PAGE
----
December 14, 2017
Lisa L. Kirchner
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Love Never Dies but it may not survive till Broadway
The long-awaited Phantom sequel is.. curious. And also not perfect.
Andrew Lloyd Webber began writing this sequel to The Phantom of the Opera in 1990, but it didn’t hit the stage until 2010. Since then it’s been rewritten, scrapped, and reopened several times, and is only now touring the U.S. Even the title has been changed. The only thing that hasn’t been killed off is Lloyd Weber’s enthusiasm for the project.
Clearly a passion project for Lloyd Webber, whose billion-dollar shows include Jesus Christ Superstar, Evita, and Cats, the question now is whether Love Never Dies will ever get to Broadway. That will be at least as thrilling to watch as the musical.
Oh, it’s got all the glitz. The score offers up satisfyingly memorable lines and call-backs, and the costuming and set designs are captivating. Die-hard Phantom fans will make their pilgrimage. But will this bring in fresh devotees?
The story takes place in 1907, 10 years after the Phantom disappeared from the Paris Opera House. Here he is re-emerged as the (already less compelling) cryptic Mr. Y. Some may be disappointed by the downgrade to Coney Island, but I loved the attempt to place Phantom in his freaky element.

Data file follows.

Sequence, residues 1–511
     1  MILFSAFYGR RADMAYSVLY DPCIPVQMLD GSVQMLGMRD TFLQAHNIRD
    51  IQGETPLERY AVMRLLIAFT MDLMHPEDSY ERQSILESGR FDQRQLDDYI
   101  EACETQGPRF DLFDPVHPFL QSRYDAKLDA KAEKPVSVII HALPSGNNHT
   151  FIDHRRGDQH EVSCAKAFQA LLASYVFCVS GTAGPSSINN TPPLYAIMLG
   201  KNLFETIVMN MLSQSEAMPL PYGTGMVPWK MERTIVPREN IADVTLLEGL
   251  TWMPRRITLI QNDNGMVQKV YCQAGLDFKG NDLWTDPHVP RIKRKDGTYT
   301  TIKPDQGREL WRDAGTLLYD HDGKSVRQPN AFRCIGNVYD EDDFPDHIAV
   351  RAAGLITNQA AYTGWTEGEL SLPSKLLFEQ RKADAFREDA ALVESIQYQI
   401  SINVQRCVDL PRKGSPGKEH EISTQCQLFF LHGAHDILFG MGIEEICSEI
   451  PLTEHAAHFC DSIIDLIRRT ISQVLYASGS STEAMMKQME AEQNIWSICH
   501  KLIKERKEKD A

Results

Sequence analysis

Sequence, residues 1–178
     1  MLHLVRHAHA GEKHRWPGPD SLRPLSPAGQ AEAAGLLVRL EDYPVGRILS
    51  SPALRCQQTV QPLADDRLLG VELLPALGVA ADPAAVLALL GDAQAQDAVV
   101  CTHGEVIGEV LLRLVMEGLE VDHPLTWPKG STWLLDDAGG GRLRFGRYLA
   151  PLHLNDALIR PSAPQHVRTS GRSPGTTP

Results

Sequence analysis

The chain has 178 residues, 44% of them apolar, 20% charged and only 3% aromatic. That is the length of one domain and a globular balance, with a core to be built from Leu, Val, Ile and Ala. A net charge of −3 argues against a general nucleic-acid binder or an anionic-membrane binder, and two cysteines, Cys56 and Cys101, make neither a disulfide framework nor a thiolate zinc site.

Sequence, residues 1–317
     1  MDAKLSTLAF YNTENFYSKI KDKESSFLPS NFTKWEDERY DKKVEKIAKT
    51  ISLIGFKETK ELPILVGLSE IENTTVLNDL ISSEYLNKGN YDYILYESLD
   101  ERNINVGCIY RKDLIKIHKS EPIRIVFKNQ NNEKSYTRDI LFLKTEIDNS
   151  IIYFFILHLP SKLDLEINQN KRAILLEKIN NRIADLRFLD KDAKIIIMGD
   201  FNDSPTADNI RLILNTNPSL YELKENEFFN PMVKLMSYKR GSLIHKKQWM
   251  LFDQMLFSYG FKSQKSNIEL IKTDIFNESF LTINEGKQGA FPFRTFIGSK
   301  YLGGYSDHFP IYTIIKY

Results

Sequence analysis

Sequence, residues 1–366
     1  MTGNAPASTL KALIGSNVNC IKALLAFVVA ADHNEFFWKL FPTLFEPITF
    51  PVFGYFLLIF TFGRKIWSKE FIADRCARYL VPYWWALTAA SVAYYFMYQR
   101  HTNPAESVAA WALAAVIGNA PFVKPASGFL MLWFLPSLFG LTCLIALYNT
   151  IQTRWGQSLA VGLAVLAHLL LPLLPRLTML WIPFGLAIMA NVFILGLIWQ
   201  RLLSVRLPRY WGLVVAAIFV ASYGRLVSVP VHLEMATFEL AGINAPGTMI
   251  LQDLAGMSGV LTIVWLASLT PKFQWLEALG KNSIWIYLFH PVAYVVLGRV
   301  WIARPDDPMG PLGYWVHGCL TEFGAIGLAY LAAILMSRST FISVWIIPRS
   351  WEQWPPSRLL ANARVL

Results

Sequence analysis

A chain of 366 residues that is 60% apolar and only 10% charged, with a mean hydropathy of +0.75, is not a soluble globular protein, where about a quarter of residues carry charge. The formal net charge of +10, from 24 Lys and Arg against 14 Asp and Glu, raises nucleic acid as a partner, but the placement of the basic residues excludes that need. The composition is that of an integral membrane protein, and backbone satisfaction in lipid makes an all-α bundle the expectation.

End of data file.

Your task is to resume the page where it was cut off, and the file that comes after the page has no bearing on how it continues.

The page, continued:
From the first moments we see the old gang back together, however, it’s a foregone conclusion that Christine is better off without her nasty old husband Raoul, and besides, that 10-year-old son Gustave is a blindingly obvious omen.
This is where I can’t divorce my feminist self from my enjoyment of a romantic musical. The dramatic “tension” is created as Christine must make a choice between Mr. Y, who — in his one truly Phantom-like moment — threatens to kill her family, and Raoul — a drunkard and a dick. Meanwhile, she’s a world-famous singer with working pipes. Lose ‘em both, I say. Hence, I don’t write romance.
But I also see this as a broader problem with the story. The plot comes down to whether or not she’s going to sing the song that Mr. Y wrote for her, the single number that will pay off her husband’s gambling debt. Well, what do you think? You’re right.
There’s a bit of a side note about Meg, who finds herself in similar straights to Christina of yore, but that’s all dealt with tidily, too.
All that said, as a lover of all things camp, there was much to love in this more stripped down yet spectacular production. The fantasy underground world created by Gabriela Tylesova to evoke Coney Island was enormously satisfying, both for the clever mechanics and the voyeurism. It was well set off by Paule Constable’s lighting, which brought everything from piers to dressing rooms to roller coasters to life.
While both acts opened with the men, it wasMeghan Picerno’s Christina that most ably moved around a complex score and took us along for the ride. Meanwhile, our Mr. Y and Raoul lacked anything terribly interesting to do. Perhaps that made the Coney Island numbers all the more enchanting.
In short, while there’s much to enjoy in this show, the most haunting question that remains is why Lloyd Webber has gone through such machinations to keep it alive. He once testily quipped, "Clearly, it is a sequel, but I really do not believe that you have to have seen Phantom of the Opera to understand Love Never Dies.” I might add, however, seeing the former would help to make one care about the latter.